State Monopoly-Bargaining Law Ties Local Elected Officials’ Hands
(Source: February 2015 National Right to Work Committee Newsletter)
For years, National Right to Work Committee members and supporters have lobbied their state elected officials to revoke or, at a minimum, roll back union bosses’ privileges to act as public servants’ monopoly-bargaining agents on matters concerning pay, benefits, and work rules.
Recently these patient efforts have borne fruit in a number of states. Just four years ago, for example, mobilized (in part by the Committee) Wisconsin citizens played an important role in helping the labor-policy and budget-reform package known as Act 10 overcome Big Labor opposition and pass into law.
Today Act 10 protects the vast majority of Badger State public employees from forced union dues. It has also sharply curtailed most government union bosses’ monopoly power to dictate terms of employment.
Unfortunately, legislators in many state capitals, such as Harrisburg, Pa., still appear reluctant to learn from the example of Act 10 and take on government union monopoly bargaining, even when the need to do so is manifest and urgent.
The ongoing travails of Scranton, the largest city in northeastern Pennsylvania, are a case in point.
Scranton’s Current Population Barely More Than Half Of What It Was in 1940
With a population that has shrunk by 46% since 1940, and by 27% just since 1970, and a median household income of roughly $38,500 (some $14,000 below the state average), Scranton desperately needs to get control over its sky-high municipal-employee costs.
Unfortunately, state labor laws mandating government union monopoly bargaining have for decades made it effectively impossible for Scranton’s elected officials to do their jobs.
In 2011, a court order citing Pennsylvania’s pro-Big Labor “binding arbitration” law jacked up public-safety employee pensions by as much as 80% when the city was already struggling to pay its bills.
To cover the cost of the bonuses, pay increases, and reduced deductibles procured by union lawyers in court, Scranton officials finally raised 2014 property taxes by more than 50%. Property taxes are expected to soar another 20% this year. The charge for garbage collection has skyrocketed by two-thirds.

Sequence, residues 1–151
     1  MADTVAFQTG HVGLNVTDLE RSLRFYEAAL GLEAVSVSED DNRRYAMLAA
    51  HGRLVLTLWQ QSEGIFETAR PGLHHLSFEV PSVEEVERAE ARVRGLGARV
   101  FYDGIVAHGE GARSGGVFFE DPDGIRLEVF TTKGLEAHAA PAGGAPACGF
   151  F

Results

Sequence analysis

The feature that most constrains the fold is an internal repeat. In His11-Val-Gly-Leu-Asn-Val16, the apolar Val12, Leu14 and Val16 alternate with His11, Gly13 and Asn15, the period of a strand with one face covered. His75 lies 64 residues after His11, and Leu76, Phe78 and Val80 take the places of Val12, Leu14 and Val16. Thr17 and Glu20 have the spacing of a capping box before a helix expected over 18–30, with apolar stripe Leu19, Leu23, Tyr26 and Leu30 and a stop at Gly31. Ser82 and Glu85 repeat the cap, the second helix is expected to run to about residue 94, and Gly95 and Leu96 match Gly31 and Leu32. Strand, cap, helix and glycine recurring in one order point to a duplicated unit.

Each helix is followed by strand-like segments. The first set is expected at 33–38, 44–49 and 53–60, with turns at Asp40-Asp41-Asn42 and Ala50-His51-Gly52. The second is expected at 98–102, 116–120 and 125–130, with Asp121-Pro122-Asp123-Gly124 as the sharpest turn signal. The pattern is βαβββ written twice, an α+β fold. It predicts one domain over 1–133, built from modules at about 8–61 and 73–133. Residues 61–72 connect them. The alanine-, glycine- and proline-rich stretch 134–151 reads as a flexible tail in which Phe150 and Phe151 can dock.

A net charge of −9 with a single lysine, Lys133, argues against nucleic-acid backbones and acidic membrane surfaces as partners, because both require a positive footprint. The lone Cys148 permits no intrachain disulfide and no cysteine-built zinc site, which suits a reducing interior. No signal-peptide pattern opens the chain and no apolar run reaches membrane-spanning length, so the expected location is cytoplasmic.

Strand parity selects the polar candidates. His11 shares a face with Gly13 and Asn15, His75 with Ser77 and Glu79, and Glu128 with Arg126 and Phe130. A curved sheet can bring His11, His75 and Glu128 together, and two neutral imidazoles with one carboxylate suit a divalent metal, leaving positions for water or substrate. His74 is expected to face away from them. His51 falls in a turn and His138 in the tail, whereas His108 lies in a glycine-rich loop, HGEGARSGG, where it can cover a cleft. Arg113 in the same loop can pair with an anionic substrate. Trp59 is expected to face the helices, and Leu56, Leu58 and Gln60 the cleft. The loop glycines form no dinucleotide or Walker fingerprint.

Last month, Mayor Bill Courtright (D) claimed he finally had some good news for Scranton taxpayers after public-safety union chiefs agreed to renegotiate contract provisions concerning overtime and retirement health benefits.
Unfortunately, in order to procure modest improvements in outrageous union work rules, including one that bars civilians from writing parking tickets, Mr. Courtright had to agree to impose potentially vast new costs on taxpayers.
For example, according to the Scranton Times-Tribune, under a proposed new “unused sick-days” payout scheme, an officer who works for 25 years, uses seven of the 18 allotted sick days per year, and has base cash earnings of roughly $63,000 could be paid more than $34,000 extra upon retirement for “unused sick days.”
System Encourages Public Employees to Cheat Taxpayers
Recognizing that the deal the mayor cut with union monopolists would likely leave Scranton taxpayers even worse off than they are now, the city council has so far refused to approve it. But that just leaves an unsustainable status quo in place.
“By repealing Pennsylvania’s monopoly-bargaining laws, state lawmakers could empower local governments like Scranton’s to make routine budget decisions for their jurisdictions without getting government union bosses’ seal of approval,” noted Mary King, vice president of the National Right to Work Committee.
“Then, if there were evidence that public-safety employees were routinely calling in sick when they weren’t, and thus jacking up overtime costs needlessly, the city could simply require employees to furnish proof from an independent physician that they really were sick when they said they were.
“There would be no purported ‘need’ to bribe employees to persuade them not to lie about being sick by allowing them to cash in tens of thousands of dollars in ‘unused sick days’ upon retirement.
“To put it bluntly, the union monopoly-bargaining system encourages public employees to cheat taxpayers, even in jurisdictions like Scranton, where most taxpayers have little money to spare.”